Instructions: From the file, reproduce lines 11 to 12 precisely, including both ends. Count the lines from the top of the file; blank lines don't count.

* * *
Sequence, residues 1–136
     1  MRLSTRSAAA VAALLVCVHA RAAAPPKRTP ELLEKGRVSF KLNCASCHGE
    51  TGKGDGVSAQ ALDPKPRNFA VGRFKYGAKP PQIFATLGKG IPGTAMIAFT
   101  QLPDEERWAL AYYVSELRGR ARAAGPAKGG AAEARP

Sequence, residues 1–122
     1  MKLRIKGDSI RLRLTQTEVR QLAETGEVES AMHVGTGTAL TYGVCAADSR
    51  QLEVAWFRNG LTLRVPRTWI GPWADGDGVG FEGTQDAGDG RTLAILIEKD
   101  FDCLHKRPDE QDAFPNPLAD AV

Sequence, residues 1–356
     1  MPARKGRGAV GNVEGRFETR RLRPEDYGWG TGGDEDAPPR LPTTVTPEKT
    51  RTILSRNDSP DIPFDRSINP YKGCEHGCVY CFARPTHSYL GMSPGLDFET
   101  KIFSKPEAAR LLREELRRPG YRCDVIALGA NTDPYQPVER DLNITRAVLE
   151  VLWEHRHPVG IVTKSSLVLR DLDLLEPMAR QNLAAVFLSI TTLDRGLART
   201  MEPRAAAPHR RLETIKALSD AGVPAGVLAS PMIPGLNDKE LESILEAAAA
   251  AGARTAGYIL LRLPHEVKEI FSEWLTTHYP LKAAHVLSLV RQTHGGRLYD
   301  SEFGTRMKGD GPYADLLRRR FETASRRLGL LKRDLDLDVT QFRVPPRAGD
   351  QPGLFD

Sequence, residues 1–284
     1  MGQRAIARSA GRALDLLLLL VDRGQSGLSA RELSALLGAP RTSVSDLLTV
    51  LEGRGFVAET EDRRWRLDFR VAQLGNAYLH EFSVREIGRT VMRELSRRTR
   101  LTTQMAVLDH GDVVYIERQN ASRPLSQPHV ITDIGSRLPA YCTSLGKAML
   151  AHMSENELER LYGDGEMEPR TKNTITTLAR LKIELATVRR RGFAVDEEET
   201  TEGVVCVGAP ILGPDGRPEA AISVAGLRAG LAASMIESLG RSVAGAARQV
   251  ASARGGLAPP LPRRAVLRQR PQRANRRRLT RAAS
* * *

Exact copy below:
    51  RTILSRNDSP DIPFDRSINP YKGCEHGCVY CFARPTHSYL GMSPGLDFET
   101  KIFSKPEAAR LLREELRRPG YRCDVIALGA NTDPYQPVER DLNITRAVLE